Response to David Suissa’s claim about terror
I wish David Suissa had reached out to me before he tried guessing at the motives behind the statement UC Irvine Hillel students released on the violence in Israel. Though he says the statement put him to sleep, it was but one small, non-contextualized piece of a larger success story for Israel on the UCI campus. Here’s some information that might wake him up.
Our students are proud, Jewish young men and women who take their leadership roles very seriously. Some are day school graduates. Others came through synagogue and Zionist youth groups. Some are Israeli. And some are discovering their Jewish journey for the first time through Hillel. Many have gone on Birthright Israel and participated in other Israel programs. They represent the breadth of the religious and political spectrums, and they see Israel as central to their Jewish identity.
In short, they are the future of our Zionist, Jewish community.
At UCI Hillel, we engage them in serious learning about Israel and the conflict, and coordinate events through which they can share that knowledge. In October alone, students learned about Israel’s constitutional democracy from its architect, retired Israeli Supreme Court Chief Justice Aharon Barak; they discussed religious pluralism in Israel with Rabbi Uri Regev, held a vigil for Jewish victims of Palestinian attacks, and heard about the small but growing Palestinian movement for moderation, non-violence and reconciliation from its founder and Washington Institute Fellow, Mohammed Dajani.
They have come out in strong numbers to fight the boycott, divestment and sanction campaigns on their campus, and continue to entrench themselves into the campus community to counter efforts to spread this movement’s lies.
We live in a time when campus advocacy on the Israeli-Palestinian conflict is polarizing, and often reduced to slogans, soundbites and theatrics. Yet at UCI, Hillel students see the prospect for meaningful dialogue with their peers, and they are seizing it. They understand that there is a complexity of networks, sensitivities, and fears about engaging on this emotional issue, and students are sometimes ostracized by their own communities if they are perceived to empathize with the other side. In some cases, our Hillel students need to overcome a narrative that paints them as the white, privileged oppressor, and has blinded many of their peers to the truth that being Zionist and pro-Israel, or even Jewish for that matter, does not make them unidimensional. They have to navigate all of this, while at the same time trying to make sense of a complex conflict with multiple, nuanced narratives on both sides. And sadly, though they are not professional Israel advocates, they nonetheless have to contend with elements of the Jewish community that attack them if they say and do the “wrong” thing.
That’s a lot of stress placed on the young shoulders of our Jewish future.
Our students have quietly made important inroads in their Israel outreach efforts, but there is still much work to do. They worry that echoes of the toxic incitement from Muslim extremists in Gaza and the West Bank, and from the Palestinian Authority, are making their way to U.S. campuses, threatening to undo the tremendous progress UCI has made in maintaining a far more civil campus climate for Israel and Jewish students than in years past.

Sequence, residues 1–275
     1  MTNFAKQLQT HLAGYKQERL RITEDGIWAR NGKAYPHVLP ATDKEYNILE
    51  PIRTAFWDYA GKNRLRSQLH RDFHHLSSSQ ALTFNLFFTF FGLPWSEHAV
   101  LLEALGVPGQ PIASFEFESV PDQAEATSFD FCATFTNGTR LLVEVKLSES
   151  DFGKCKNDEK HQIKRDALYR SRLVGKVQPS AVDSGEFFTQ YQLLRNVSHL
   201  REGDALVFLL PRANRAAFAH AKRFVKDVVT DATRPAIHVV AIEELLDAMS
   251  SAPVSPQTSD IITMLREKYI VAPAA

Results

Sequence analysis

Through partnerships between the university, the Rose Project of Jewish Federation & Family Services, Hillel, students and others, UCI has seen a dramatic reduction in anti-Israel and anti-Semitic activity.
These partnerships create robust learning opportunities through the Visiting Israeli Professor program, Israeli artists-in-residence programs, Israel study abroad programs, and more. More than one dozen MOUs between UCI and Israeli universities enable UCI faculty and students to engage in research and artistic collaborations with Israeli colleagues. Next month, UCI faculty, students and administrators will be in Israel for the fourth annual symposium between the UCI and Tel Aviv schools of engineering. These initiatives make a huge, positive impact on the way Israel is perceived and understood on campus.
Amid this background, Hillel students issued a call to their peers for dialogue, before the rhetoric damages the relationships they are building. Interestingly enough, their peers are responding.
With Jews continuing to be targeted in the streets by knife-wielding terrorists, many are saying that now is not the time for dialogue. But our students are not negotiating peace treaties, nor are they engaging the Palestinian Authority. They are simply seeking out the people they sit next to in class, the libraries, and coffee shops, in an effort to educate them about the Israel they love. Those outside of UCI should trust them enough to give them the space to navigate the community they know far better than we do.
Lisa Armony is the Executive Director of the Hillel Foundation of Orange County and the Director of the Rose Project of Jewish Federation & Family Services
David Suissa responds: The writer proves my point. Even when Jews are blatantly attacked simply because they’re Jews, releasing an evenhanded statement is justified because of some broader “context.” My point still holds: When Jews are directly targeted for violence, it’s not just absurd to pretend that both sides are equally responsible, it also lets evil off the hook.
Women and Conversion We at the Sandra Caplan Community Bet Din found Kylie Ora Lobell’s description of the final steps in her conversion process (“Are...